Image courtesy apdk, flickr creative commons

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By Alana Pockros

Kaiser Health News

About half of young children brought to hospitals with injuries indicating that they have been abused were not thoroughly evaluated for other injuries, and the use of proper care is less likely to happen in general hospitals than in those that specialize in pediatrics, a study released this summer found.

The researchers examined whether hospitals are adhering to guidelines from The American Academy of Pediatrics that all children younger than 2 years old suspected of being victims of child abuse undergo skeletal surveys, a series of X-rays used to identify broken bones that are not readily apparent, called occult fractures.

The results, published in the journal Pediatrics, reveal a significant variation in hospitals’ evaluation of occult injuries, despite the AAP’s recommendations.

The Pediatrics study found many children being admitted to hospitals did not get adequate screening for signs of abuse, particularly when they end up at general hospitals. Image courtesy apdk, flickr creative commons

“In the young population, medical providers can miss important injuries.… Skeletal surveys can help identify them,” said Joanne Wood, an assistant professor of pediatrics at the University of Pennsylvania Perelman School of Medicine and senior author of the study.

Wood and her colleagues highlight the importance of skeletal surveys, explaining how the detection of occult fractures can point to the need for additional medical services, provide additional evidence of abuse and help protect the child.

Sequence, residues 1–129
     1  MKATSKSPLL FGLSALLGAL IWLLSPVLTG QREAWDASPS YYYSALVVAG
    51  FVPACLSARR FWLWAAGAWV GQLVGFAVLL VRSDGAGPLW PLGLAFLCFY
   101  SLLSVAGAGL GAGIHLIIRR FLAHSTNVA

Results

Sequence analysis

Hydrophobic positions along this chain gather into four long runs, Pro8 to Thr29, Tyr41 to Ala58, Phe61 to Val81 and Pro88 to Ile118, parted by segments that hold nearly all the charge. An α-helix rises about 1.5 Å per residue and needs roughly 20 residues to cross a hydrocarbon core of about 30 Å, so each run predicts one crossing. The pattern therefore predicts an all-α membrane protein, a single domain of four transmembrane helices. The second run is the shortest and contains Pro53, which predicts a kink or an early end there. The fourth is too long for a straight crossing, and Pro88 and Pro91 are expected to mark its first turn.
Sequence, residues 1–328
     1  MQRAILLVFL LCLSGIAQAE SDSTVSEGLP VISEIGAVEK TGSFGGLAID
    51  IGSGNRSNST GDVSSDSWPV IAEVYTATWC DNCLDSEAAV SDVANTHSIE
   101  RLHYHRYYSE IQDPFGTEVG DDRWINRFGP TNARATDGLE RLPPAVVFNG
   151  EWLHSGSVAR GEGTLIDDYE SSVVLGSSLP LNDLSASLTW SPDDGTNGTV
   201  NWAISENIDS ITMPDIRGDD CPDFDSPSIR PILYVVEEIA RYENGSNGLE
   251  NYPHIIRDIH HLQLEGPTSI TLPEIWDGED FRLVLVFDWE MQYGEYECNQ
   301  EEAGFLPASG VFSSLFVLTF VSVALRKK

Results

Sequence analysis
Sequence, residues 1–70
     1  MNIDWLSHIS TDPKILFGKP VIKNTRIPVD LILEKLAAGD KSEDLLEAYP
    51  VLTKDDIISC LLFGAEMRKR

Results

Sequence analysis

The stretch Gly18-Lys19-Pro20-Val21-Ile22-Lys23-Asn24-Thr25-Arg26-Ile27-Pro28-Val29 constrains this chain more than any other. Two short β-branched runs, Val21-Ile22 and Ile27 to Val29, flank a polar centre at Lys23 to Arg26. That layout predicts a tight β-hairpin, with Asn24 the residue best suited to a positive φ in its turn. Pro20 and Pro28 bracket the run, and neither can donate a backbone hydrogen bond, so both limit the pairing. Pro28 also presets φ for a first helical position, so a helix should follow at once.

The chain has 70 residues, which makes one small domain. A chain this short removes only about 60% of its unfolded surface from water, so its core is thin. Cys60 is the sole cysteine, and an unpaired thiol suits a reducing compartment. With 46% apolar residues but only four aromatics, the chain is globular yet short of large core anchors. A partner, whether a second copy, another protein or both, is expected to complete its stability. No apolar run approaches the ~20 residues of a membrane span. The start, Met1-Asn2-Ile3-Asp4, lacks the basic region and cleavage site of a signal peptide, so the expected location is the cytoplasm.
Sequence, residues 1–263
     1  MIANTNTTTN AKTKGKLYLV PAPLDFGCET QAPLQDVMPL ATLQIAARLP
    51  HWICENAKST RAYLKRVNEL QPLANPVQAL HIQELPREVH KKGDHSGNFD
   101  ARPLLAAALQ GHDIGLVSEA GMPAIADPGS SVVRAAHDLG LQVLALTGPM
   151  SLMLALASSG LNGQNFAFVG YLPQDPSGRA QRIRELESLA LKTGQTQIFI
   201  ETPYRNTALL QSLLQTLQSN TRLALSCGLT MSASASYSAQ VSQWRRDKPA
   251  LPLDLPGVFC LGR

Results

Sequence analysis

The study looked at records for nearly 4,500 children treated at 366 hospitals around the country between 2009 and 2013. That group included children under the age of 2 who had been diagnosed with physical abuse and children under the age of 1 with high-risk injuries.

Past research has demonstrated that skeletal surveys are key to assessing young children suspected as victims of abuse. Prior to this study, however, there was little information on how hospitals in general have adhered to the AAP’s protocol.

Researchers in the current study found that across all the hospitals, 48 percent of the children younger than 2 with an abuse diagnosis underwent proper occult fracture examinations. But a prior study by Wood and her colleagues reveal that approximately 83 percent of children suspected of being victims of child abuse underwent skeletal surveys when treated in pediatric hospitals.

This study reveals “a need for standardization of care” across hospitals, said Wood.

Robert Sege,  the director of family and child advocacy at Boston Medical Center and member of the AAP Committee on Child Abuse and Neglect, said in an interview the disparity in hospital practices is due to “a big educational gap for colleagues who primarily see adults.”

“Doctors who treat children should be trained to know about [occult-evaluation] procedures when there is abuse suspicion,” he said.

In a commentary accompanying the study, Kristine Campbell, assistant professor of pediatrics at the University of Utah, suggested that follow-up research is necessary, as “no study reveals how often occult fractures provide the critical evidence to assure a child’s protection.”

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